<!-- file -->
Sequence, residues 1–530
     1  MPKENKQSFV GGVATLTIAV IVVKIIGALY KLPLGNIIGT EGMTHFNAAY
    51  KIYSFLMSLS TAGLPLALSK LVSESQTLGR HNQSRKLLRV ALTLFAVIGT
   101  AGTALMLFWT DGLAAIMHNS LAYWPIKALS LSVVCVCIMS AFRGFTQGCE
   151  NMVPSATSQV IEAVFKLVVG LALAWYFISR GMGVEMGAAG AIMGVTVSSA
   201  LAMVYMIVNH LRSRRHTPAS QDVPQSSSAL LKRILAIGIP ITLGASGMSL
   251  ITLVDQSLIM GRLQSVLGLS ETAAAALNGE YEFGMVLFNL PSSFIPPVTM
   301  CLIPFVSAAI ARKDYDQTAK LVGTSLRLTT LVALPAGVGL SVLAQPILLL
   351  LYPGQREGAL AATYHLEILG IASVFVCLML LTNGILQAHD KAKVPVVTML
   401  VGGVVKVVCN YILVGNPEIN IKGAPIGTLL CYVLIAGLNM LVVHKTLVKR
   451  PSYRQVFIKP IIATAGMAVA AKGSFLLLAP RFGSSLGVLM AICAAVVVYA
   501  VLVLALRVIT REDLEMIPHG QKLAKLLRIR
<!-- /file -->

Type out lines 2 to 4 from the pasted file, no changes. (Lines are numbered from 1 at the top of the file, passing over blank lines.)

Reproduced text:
     1  MPKENKQSFV GGVATLTIAV IVVKIIGALY KLPLGNIIGT EGMTHFNAAY
    51  KIYSFLMSLS TAGLPLALSK LVSESQTLGR HNQSRKLLRV ALTLFAVIGT
   101  AGTALMLFWT DGLAAIMHNS LAYWPIKALS LSVVCVCIMS AFRGFTQGCE